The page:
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Simply Christmas Sustainable ways to observe, cherish the season

By Wendy Healy I

n Tom Taylor’s house growing up, the Christmas tree went up the day aſter Tanksgiving and came down

only when it was so dry the needles fell off. As a kid, it was exciting to have

the colorful lights and festivities continue for months, but now as pastor of St. John Lutheran Church, Lindenhurst, N.Y., Taylor empha- sizes the importance of a sim- pler, more religious and less secular focus on Christ- mas. He advises that people celebrate the 12 days of Christ- mas and attend an Epiphany service, which exemplifies

the true mean-

ing of the season. “We try to

simplify the concept so people can focus more on the religious aspects rather

than the secular,” he said. Instead of starting Christmas

Giving handmade gifts, like this pot holder with children’s handprints, challenge Christmas consumerism.

preparations right aſter Tanks- giving, he said, “acknowledge the Advent season and what it means. If you put up a tree early, for example, don’t decorate it until

Christmas Eve. Te secular world thinks that the Christmas season ends on Dec. 26. It doesn’t.” Taylor and his family aren’t the

only ones trying to be more mindful of Christmas as the hectic consum- erism of the season—evident in


‘The secular world thinks that the Christmas

season ends on Dec. 26. It doesn’t.’

stores right aſter Halloween—over- whelms. People are seeking ways to spend less on giſts, eat fewer fattening cookies and, in general, “de-stress” Christmas. Tey’re also seeking to make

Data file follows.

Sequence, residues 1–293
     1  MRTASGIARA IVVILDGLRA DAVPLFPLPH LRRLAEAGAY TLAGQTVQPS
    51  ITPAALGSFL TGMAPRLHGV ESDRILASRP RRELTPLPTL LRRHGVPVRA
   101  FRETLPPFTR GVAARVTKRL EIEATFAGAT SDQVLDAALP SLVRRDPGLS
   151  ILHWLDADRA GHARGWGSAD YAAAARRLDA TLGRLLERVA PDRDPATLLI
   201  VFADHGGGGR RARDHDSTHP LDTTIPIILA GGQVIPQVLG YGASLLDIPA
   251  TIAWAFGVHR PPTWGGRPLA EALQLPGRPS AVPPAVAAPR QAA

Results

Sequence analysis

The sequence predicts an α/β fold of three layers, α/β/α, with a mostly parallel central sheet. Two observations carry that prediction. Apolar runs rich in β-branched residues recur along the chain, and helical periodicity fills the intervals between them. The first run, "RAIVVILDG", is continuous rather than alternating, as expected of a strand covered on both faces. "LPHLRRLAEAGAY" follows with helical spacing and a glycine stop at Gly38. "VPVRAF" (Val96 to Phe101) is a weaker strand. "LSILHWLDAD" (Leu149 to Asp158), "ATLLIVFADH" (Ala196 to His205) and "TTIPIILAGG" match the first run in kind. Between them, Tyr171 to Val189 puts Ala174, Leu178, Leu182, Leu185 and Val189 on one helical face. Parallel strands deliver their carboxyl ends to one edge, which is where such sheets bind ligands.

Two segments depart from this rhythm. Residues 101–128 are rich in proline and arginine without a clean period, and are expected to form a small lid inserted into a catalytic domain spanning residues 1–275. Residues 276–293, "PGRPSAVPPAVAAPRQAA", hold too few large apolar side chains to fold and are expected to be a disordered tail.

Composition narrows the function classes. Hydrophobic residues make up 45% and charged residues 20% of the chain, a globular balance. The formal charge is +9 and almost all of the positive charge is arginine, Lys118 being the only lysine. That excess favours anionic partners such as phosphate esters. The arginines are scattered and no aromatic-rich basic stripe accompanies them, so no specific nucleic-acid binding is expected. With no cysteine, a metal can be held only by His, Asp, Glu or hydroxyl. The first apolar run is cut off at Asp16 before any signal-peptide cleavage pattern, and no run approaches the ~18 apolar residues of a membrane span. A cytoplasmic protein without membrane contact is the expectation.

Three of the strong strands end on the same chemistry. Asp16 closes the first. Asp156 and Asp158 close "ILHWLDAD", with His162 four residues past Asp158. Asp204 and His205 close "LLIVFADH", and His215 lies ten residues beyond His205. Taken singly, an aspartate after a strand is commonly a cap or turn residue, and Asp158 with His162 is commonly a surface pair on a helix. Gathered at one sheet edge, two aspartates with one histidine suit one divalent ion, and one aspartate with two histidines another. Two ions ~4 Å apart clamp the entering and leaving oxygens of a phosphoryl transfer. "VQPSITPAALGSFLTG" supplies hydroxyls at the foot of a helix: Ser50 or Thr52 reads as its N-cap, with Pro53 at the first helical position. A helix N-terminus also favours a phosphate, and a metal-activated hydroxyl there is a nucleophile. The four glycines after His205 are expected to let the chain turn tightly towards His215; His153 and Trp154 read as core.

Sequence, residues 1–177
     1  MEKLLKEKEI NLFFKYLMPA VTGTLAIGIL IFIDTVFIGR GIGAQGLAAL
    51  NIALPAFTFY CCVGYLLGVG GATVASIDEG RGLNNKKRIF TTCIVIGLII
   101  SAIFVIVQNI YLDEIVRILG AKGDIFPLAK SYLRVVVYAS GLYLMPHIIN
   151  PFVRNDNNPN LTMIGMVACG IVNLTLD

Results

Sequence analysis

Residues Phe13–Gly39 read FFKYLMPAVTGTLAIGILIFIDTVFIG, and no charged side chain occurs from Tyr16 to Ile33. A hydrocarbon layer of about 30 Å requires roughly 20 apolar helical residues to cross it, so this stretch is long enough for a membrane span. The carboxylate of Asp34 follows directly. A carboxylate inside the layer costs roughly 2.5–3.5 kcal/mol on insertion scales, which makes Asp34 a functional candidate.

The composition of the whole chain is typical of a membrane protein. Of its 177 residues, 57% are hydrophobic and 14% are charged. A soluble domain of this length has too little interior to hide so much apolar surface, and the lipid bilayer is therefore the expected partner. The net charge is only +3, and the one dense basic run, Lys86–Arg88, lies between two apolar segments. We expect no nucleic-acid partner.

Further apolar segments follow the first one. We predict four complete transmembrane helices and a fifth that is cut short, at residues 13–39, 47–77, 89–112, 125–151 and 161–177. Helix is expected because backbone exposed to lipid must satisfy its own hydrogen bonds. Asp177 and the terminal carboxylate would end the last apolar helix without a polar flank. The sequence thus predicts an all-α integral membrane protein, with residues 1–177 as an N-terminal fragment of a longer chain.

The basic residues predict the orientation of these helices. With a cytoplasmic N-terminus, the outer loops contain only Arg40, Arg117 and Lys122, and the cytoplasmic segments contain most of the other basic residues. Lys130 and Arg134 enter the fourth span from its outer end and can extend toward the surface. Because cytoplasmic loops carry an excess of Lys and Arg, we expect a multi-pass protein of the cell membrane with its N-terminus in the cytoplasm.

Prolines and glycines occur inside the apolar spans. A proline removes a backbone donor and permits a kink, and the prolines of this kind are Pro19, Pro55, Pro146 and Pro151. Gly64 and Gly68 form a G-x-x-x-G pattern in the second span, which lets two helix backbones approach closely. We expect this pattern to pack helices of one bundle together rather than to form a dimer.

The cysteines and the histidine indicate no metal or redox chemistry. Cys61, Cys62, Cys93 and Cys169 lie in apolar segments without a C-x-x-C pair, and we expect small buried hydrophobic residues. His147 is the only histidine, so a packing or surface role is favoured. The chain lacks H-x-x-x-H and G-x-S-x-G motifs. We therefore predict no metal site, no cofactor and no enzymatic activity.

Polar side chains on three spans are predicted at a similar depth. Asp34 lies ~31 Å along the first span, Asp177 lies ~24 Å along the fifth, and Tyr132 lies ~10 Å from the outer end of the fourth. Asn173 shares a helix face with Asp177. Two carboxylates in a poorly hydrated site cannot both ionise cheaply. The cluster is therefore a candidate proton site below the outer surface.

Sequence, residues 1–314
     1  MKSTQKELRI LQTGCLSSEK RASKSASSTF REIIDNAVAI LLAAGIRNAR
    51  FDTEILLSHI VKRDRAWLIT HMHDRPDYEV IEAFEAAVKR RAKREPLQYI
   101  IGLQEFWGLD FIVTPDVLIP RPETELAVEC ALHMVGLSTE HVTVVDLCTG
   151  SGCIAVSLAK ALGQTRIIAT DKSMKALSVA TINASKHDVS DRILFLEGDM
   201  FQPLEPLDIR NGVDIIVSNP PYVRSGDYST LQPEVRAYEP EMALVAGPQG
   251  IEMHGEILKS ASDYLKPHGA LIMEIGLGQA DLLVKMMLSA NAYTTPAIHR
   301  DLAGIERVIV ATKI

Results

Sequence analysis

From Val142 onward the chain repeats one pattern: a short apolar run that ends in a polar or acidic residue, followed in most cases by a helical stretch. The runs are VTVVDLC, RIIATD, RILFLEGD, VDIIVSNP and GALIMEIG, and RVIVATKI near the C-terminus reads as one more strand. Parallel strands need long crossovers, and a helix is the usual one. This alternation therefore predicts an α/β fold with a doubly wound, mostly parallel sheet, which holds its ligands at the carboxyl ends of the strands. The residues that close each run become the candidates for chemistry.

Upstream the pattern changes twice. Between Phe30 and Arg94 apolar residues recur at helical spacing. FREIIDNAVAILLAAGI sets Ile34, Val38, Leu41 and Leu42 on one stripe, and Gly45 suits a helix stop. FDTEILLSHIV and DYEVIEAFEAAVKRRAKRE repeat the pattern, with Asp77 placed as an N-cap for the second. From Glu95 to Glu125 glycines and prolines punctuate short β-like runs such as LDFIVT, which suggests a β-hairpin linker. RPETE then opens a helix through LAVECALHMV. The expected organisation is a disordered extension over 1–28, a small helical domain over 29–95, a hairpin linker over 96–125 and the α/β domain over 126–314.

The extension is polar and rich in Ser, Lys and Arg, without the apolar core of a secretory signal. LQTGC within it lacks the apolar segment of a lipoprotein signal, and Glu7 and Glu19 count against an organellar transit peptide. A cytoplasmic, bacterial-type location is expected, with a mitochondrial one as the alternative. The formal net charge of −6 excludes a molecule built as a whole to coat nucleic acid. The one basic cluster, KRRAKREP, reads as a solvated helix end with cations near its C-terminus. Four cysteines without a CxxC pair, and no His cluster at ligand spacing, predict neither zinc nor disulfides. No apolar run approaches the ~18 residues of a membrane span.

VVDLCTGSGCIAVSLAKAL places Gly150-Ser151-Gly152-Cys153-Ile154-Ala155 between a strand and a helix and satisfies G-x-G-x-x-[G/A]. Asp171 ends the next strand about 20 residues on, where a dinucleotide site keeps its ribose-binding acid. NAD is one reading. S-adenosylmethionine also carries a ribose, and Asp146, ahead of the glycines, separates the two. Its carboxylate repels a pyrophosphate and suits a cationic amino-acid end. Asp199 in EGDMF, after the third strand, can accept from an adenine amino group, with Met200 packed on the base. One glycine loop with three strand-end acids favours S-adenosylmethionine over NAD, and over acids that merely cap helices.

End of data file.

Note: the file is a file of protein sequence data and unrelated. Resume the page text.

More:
Christmas more meaningful and sustainable, said Gerald Iversen, an associate in ministry and founder of Simple Living Works!, a volunteer nonprofit educa- tional organization that advocates for simple living. Iversen has

embraced the concept of simple living and sustain- ability for more than 40 years, since first working with Alternatives for Simple Living, the precursor to Simple Living Works! “Our mission is

to equip people of faith to challenge consumerism, live justly and celebrate responsibly [year- round]. Tese three come together

especially at Christmastime,” Iversen said. Simple living also helps us meet

God’s call to care for creation. Te ELCA’s social statement “Caring for Creation: Vision, Hope and Justice” ( defines this as a call “to pursue justice for creation through active participation, solidarity, sufficiency and sustainability, and states the commitments of the ELCA for pursuing wholeness for cre- ation,” Iversen said. Using an artificial tree or assuring that a real one is properly recycled cares for the planet. “Everything

is connected,” he added. “As we in America overspend and overconsume, it has a nega-



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